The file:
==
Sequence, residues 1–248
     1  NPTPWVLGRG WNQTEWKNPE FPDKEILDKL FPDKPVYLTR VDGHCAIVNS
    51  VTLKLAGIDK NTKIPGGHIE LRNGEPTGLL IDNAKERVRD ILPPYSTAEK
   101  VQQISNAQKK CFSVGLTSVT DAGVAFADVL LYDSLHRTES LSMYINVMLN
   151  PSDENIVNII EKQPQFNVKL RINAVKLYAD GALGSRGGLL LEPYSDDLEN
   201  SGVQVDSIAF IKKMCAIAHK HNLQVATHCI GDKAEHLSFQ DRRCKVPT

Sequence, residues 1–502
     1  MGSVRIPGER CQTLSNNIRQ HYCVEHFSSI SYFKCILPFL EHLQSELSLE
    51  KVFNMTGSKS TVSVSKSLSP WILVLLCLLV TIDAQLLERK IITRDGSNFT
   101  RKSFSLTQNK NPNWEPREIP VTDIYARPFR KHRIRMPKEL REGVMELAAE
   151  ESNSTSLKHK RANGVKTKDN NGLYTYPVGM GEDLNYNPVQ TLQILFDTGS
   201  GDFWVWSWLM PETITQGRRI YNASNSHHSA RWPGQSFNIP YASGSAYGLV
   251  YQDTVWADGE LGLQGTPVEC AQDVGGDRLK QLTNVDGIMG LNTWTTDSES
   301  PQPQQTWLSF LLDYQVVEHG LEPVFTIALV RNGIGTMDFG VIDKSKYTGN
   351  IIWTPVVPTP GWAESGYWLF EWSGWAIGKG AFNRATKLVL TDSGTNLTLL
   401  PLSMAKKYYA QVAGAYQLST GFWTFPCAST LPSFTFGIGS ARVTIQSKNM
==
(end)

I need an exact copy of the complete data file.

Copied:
Sequence, residues 1–248
     1  NPTPWVLGRG WNQTEWKNPE FPDKEILDKL FPDKPVYLTR VDGHCAIVNS
    51  VTLKLAGIDK NTKIPGGHIE LRNGEPTGLL IDNAKERVRD ILPPYSTAEK
   101  VQQISNAQKK CFSVGLTSVT DAGVAFADVL LYDSLHRTES LSMYINVMLN
   151  PSDENIVNII EKQPQFNVKL RINAVKLYAD GALGSRGGLL LEPYSDDLEN
   201  SGVQVDSIAF IKKMCAIAHK HNLQVATHCI GDKAEHLSFQ DRRCKVPT

Sequence, residues 1–502
     1  MGSVRIPGER CQTLSNNIRQ HYCVEHFSSI SYFKCILPFL EHLQSELSLE
    51  KVFNMTGSKS TVSVSKSLSP WILVLLCLLV TIDAQLLERK IITRDGSNFT
   101  RKSFSLTQNK NPNWEPREIP VTDIYARPFR KHRIRMPKEL REGVMELAAE
   151  ESNSTSLKHK RANGVKTKDN NGLYTYPVGM GEDLNYNPVQ TLQILFDTGS
   201  GDFWVWSWLM PETITQGRRI YNASNSHHSA RWPGQSFNIP YASGSAYGLV
   251  YQDTVWADGE LGLQGTPVEC AQDVGGDRLK QLTNVDGIMG LNTWTTDSES
   301  PQPQQTWLSF LLDYQVVEHG LEPVFTIALV RNGIGTMDFG VIDKSKYTGN
   351  IIWTPVVPTP GWAESGYWLF EWSGWAIGKG AFNRATKLVL TDSGTNLTLL
   401  PLSMAKKYYA QVAGAYQLST GFWTFPCAST LPSFTFGIGS ARVTIQSKNM